With impeccable timing, His Porcine Majesty has sent friendly greetings to one of his best customers:
North Korean leader Kim Jong-un has sent a congratulatory message to Syria over the founding anniversary of the country’s ruling party, Pyongyang’s media said Friday, amid global condemnation against Damascus’s suspected chemical weapon attack on civilians.
The North’s leader sent the message to Syrian President Bashar al-Assad to mark the 70th anniversary of the creation of the controlling Ba’ath party, according to Rodong Sinmun, North Korea’s main newspaper.
The move is seen to be aimed at showing friendly ties between Pyongyang and Damascus as about 90 people were killed by the Syrian government’s suspected uses of chemical weapons Tuesday against a rebel-held area in the northern part of the country.
“The two countries’ friendly relations will be strengthened and developed, given their fight against imperialism,” Kim was quoted as saying by the newspaper. North Korea has long been suspected of cooperating with Syria over nuclear programs. [Yonhap]
A few years ago, I noted the extensive and well-documented evidence of North Korea’s support for Syria’s chemical weapons program. Joseph Bermudez has also summarized some of that evidence, including photographs published by the U.N. Panel of Experts of some of the thousands of chemical suits, masks, and agent indicator ampules intercepted by Greece, South Korea, and Turkey while in transit from North Korea to Syria (mostly through China).
U.S. intelligence officials also believe North Korea has links to the Syrian Scientific Studies and Research Center, which the New York Times calls Syria’s “main research center for work on biological and chemical weapons.”
Although North Korea’s support for Syria’s chemical weapons programs predates the Syrian Civil war, Bruce Bechtol has described how it increased during the war. Other reports have alleged that North Koreans have been present in Syria during the civil war, where they have advised Assad’s army in a number of ways, including by helping it operate vacuum dryers used to dry liquid chemical agents and the SCUD missiles that are sometimes used to deliver those agents.
In Idlib, the murder weapon was probably sarin, another nerve agent North Korea is believed to possess in quantity, but which Syria most likely produced domestically with North Korean technical assistance. If Assad was the murderer of Idlib, then, Kim Jong-un was likely an accessory.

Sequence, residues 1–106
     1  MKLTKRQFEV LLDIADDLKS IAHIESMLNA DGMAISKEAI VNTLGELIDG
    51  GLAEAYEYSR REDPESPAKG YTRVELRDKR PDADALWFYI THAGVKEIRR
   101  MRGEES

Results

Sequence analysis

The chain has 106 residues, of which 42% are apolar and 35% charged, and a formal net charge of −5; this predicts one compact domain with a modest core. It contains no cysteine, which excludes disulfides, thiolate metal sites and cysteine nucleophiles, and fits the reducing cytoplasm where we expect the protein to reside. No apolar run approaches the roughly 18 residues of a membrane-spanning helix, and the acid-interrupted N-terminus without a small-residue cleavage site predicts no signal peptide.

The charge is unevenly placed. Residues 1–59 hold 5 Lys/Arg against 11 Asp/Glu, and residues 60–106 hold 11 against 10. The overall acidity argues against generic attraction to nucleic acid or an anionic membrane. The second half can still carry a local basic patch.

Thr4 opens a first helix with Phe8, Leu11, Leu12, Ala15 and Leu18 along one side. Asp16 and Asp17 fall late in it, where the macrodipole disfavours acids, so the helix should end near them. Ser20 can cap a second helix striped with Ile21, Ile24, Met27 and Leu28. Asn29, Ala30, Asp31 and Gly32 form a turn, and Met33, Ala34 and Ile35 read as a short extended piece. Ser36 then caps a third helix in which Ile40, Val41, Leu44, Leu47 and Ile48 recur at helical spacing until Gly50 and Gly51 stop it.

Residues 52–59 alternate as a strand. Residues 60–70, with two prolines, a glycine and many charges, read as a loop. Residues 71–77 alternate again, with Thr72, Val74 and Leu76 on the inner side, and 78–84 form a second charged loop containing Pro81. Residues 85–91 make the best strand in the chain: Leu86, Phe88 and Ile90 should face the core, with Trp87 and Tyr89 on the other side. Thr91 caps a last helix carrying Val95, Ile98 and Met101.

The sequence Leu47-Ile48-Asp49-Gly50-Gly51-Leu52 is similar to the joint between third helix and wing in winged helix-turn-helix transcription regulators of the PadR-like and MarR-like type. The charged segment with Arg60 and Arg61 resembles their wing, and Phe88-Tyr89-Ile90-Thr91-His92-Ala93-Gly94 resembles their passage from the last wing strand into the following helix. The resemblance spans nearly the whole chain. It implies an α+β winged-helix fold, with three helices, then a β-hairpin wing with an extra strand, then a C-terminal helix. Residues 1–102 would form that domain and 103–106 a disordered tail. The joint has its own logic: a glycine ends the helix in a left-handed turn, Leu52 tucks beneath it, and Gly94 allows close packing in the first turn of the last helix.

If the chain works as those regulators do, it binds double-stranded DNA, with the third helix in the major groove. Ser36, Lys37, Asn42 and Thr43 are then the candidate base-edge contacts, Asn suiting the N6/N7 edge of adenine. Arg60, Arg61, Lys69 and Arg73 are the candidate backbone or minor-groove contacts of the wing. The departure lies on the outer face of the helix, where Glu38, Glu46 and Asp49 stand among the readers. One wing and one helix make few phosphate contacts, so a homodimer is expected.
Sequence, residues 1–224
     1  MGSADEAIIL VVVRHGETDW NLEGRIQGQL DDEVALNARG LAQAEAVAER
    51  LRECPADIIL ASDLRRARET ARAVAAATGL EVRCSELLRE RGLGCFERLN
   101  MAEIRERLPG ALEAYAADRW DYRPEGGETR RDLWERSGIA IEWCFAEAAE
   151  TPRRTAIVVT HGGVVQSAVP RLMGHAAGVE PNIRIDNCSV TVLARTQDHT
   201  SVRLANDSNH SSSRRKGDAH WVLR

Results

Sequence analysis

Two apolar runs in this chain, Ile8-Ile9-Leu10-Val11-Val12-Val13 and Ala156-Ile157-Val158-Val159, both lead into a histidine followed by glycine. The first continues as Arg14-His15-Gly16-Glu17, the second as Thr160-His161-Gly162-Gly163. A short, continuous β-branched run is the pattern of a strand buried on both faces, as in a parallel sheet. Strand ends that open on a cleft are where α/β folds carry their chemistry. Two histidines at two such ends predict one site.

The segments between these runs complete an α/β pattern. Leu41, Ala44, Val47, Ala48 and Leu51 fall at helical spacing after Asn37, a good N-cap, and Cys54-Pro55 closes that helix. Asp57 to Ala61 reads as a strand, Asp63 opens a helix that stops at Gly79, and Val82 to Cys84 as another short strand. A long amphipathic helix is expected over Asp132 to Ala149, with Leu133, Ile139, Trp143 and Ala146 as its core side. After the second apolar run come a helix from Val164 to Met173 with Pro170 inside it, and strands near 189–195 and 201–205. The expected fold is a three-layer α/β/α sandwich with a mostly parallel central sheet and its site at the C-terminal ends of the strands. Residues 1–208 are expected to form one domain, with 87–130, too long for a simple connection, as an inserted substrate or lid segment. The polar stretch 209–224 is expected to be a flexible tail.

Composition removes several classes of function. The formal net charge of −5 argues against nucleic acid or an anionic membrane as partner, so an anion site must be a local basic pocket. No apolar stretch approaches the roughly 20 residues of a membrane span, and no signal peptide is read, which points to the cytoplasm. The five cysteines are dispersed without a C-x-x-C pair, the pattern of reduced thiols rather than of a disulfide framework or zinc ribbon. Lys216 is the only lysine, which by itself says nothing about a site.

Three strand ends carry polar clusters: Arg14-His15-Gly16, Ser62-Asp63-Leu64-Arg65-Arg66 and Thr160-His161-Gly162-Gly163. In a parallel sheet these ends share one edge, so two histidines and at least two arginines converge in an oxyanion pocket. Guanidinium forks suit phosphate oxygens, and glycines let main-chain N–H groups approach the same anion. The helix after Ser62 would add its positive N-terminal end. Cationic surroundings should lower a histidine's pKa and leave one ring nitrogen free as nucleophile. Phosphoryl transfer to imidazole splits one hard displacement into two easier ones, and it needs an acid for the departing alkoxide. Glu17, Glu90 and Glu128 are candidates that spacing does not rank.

In another sense, we should feel fortunate that Assad’s use of WMD against his own people is merely chemical. As Yonhap’s story also notes, North Korea built (and had nearly completed) a nuclear reactor in the Syrian desert near Deir-al-Zour, in an area now under the control of ISIS, before the Israeli Air Force destroyed it. This CIA video summarizes North Korea’s involvement in the construction of that reactor here:
For now, it is good that Assad knows that he cannot use WMD with impunity, and that whatever affection existed between Trump and Putin before is over for now. The President may also think he can intimidate Xi Jinping by taking in bomb damage reports while coolly telling his dinner guest to try the veal. Still, consider the possibility that Xi will be salivating for an entirely different feast if he thinks we’re about to tie ourselves down half a world away.
Our response to the use of nerve gas against children and families — or in places crowded with them — must be more than nothing. But that response must also be less than stage-diving into the quicksand of the Middle East, and a very real risk of conflict with Russia, without a plausible plan to end the slaughter. It is wrong to say that Syria is not our problem; it is. It nearly destroyed Iraq, it’s destroying Europe, and it may yet destroy Jordan and destabilize Turkey. It could flood the world with a generation of terrorists and incubate another generation that will follow them.
It is also wrong to believe that there is any quick solution to this crisis, given the state to which things have descended today. That’s why I was skeptical of President Obama’s abortive, too-little, too-late intervention in 2013. Those same questions remain relevant today.
The only permanent solution to the horrors in Syria will be to arm, train, and equip enough moderate and secular Syrians to retake most their country, stabilize the front lines, raise the political and financial costs for Russia and Iran, and negotiate either a peace or a sustainable division of the country. Do any moderate or secular Syrian forces still survive between the hammers of ISIS and Al Qaeda, and the anvils of Assad, Hezbollah, and Putin? The history of how Obama allowed these people to be slaughtered — even as he allowed a morbidly obese high school dropout who tortures small animals and masturbates to bondage porn get a nuclear arsenal — ought to fill the main lobby of his presidential library.
gotta put this 2014 “fact” “check” into some sort of hall of fame pic.twitter.com/wnL2BwHDkx
— Logan Dobson (@LoganDobson) April 5, 2017
Which brings me to my final question. Who still remembers yesterday, when North Korea was our greatest national security threat? Even in light of what happened in Idlib, isn’t that still the case? Wasn’t North Korea supposed to be the topic of tonight’s dinner conversation? Can we pressure, contain, and deter Kim Jong-un if our forces and our national will are invested half a world away? Do our plans for Syria and North Korea involve being prepared to fight two wars on different sides of the world if necessary? Must North Korea always be the crisis that builds while America is distracted on other continents? Could we have at least taken the modest step of putting North Korea back on the list of state sponsors of terrorism before we bombed Syria? There may be good answers to all of those questions. Now is the time to ask them.